So government agencies are immune to hacking, right? I mean, with all the change management, regulations, and audit departments dying to find someone breaking the rules, they’ve got to be immune!
Nope. The Department of Energy got hacked last Friday. Was it their fault? Not known. Does it affect their operations? Oh yeah, it does.
Several hundred contractor and employees’ Personally Identifiable Information (PII) was stolen, and there are rumors it was done by a Chinese team. Nation-state hacking? Not known. But there’s a lot of Chinese hacking going around.
If you worked for the DOE in the last few years, you might receive a letter from them. Here are excerpts from the initial letter to employees.
The Department of Energy (DOE) has just confirmed a recent cyber incident that occurred in mid-January which targeted the Headquarters’ network and resulted in the unauthorized disclosure of employee and contractor Personally Identifiable Information (PII).
We believe several hundred DOE employees’ and contractors’ PII may have been affected. As individual affected employees are identified, they will be notified and offered assistance on steps they can take to protect themselves from potential identity theft.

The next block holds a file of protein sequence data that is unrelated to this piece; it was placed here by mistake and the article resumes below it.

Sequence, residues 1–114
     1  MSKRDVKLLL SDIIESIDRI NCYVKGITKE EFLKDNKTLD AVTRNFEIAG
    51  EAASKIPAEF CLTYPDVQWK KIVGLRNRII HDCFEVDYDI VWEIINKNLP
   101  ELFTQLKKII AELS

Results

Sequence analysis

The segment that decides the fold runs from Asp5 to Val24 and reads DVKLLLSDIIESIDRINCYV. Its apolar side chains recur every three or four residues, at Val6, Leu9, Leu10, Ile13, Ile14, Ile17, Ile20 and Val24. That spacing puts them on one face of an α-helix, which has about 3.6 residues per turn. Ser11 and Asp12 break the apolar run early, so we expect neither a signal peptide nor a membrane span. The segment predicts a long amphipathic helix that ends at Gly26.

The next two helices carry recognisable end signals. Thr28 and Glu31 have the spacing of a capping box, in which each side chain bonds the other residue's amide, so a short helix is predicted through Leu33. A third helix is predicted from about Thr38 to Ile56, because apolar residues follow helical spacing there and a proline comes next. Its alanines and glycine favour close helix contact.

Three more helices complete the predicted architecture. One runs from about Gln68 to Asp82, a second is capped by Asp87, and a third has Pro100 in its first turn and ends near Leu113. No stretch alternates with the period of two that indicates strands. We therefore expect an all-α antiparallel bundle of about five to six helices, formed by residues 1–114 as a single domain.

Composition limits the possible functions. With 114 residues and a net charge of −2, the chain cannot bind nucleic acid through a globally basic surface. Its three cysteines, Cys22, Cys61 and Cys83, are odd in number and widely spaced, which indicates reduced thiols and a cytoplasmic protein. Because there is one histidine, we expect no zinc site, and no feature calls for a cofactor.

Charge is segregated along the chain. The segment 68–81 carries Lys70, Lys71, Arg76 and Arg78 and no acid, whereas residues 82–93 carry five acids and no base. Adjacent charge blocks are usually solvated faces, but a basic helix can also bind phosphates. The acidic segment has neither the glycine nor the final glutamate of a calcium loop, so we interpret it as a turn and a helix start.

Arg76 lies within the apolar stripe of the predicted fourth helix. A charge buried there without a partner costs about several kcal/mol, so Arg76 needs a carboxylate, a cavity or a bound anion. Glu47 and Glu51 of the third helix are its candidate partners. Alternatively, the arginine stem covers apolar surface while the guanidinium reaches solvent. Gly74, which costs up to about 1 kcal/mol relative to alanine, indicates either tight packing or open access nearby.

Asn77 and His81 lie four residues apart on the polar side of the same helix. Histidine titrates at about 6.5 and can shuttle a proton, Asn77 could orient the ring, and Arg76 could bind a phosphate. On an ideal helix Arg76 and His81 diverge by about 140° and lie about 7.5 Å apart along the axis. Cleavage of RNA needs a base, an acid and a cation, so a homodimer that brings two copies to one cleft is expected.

If you get a letter stating you are one of the unlucky, take it seriously.
Some simple steps to take:
Let your FSO know. Your Facility Security Officer should be informed, so they can work with you to change every password, security question, and go over your privileges. Why? When you lose PII, the answers to security questions, pin codes, passwords, etc, could be lost, as well.
Check with your FSO to see if you can use a password manager, such as Keypass, Pocket, or similar. If you can, you can use ridiculously strong passwords, since you only have to remember the password to the password manager. It stores your 20 character randomized passwords for you.
Remember, one of the uses of PII is to get credit on your name, benefiting someone else. Put a credit freeze on your name with the three big credit check companies, Transunion, Equifax, and Experian.
The other tactic they might try – and this is specific to people with access to classified information – is use it to gain influence on you. Be upfront with your FSO about any suspicious queries. Now is also a good time to consider what secrets someone with access to your personal information might discover – and if any of those secrets should be reported to your FSO.
The good – or should we say sad – news is that hacks of PII occur with such frequency that there are steps you can take to mitigate the damage, such as those outlined above.
Joshua Marpet is on the Board of Directors of two Infosec conferences, BSides Las Vegas, and Security BSides Delaware. He is also staff at Derbycon, Shmoocon, and as the “InfoSec Megaphone”, anywhere else he goes. Joshua is an experienced Forensic, Incident Response, and mobile forensics expert and researcher. As an adjunct professor at Wilmington University, he teaches Information Security at an NSA/DHS certified Center of Academic Excellence. In his professional life, he is a managing partner at Guarded Risk, a proactive forensics and proactive incident response firm.